What is Asset Allocation?
At the base of any portfolio allocation is the premise that the best-performing asset varies from year to year and is not easily predictable. At the same time, poorly performing investments could be the result of multiple factors including, but not limited to, market conditions, earnings, rumors, and/or changes in board/management. The thinking goes, by having a mixture of asset classes, sectors, and geographies, an investor is best prepared to achieve the best risk adjusted return* by hedging against individual risk drivers while diversifying to capture holistic opportunities.
The laymen’s thinking almost makes more sense — an allocation is the equivalent of a pie (the sum total of different slices). Each slice is the equivalent of an asset class, sector, or geography. As these classes (slices) increase/decrease (grow/shrink) the pie (allocation) must be rebalanced. An investor would effectively sell winners (bigger slices) and buy losers (smaller slices) to get the allocation (pie) back into symmetrical shape. After rebalancing, the allocation (pie) is larger than it was initially — the investor made money by diversifying.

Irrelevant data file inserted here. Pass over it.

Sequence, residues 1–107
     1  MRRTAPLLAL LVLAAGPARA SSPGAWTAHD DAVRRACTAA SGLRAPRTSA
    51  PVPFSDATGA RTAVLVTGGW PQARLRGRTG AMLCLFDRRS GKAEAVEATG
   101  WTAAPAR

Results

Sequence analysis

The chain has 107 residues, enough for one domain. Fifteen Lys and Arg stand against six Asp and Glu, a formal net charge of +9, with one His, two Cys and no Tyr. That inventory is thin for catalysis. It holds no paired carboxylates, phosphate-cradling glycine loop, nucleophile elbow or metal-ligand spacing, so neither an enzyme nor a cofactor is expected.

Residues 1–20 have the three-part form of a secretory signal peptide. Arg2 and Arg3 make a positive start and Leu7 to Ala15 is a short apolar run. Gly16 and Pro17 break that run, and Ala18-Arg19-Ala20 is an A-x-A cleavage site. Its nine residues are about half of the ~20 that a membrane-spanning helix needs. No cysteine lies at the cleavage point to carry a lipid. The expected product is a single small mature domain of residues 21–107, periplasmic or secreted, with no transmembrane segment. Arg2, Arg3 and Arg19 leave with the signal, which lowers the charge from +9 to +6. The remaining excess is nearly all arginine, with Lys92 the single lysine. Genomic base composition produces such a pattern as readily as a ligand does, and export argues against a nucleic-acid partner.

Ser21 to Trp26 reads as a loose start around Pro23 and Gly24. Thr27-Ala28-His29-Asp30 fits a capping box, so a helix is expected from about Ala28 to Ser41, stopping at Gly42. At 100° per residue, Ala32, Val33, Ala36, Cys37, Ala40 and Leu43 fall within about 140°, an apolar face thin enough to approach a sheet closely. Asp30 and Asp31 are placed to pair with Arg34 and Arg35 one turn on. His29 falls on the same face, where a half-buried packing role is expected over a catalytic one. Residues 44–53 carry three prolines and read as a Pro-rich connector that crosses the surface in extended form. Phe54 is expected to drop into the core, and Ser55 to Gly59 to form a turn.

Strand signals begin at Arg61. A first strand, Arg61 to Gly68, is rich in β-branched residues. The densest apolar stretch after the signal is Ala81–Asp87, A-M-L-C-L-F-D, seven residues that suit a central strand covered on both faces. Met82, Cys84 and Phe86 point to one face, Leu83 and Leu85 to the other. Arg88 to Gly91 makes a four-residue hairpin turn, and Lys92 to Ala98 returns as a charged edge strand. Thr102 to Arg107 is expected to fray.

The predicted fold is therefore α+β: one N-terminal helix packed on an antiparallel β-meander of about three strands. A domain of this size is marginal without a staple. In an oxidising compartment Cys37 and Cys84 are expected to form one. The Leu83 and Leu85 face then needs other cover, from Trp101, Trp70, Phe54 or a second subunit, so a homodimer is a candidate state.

A Note on Risk Adjusted Return*
We live in a risk-reward world, that is the more risk you take the more benefit you might be able to derive from that risk (at the same time, higher risk increases the extent to which you can lose). Entrepreneurs take a phenomenal risk in building businesses. Beyond the financial and time investment, an entrepreneur foregoes the opportunity to build a career and achieve stable income. While they might succeed and profit tremendously from a successful business venture, they may decide to exit the business, losing any investment made while owing significant debt. The term “Risk Adjusted Return,” aims to find that happy level of risk by which a rational and risk averse investor is willing to subject their money to in order to achieve an acceptable return.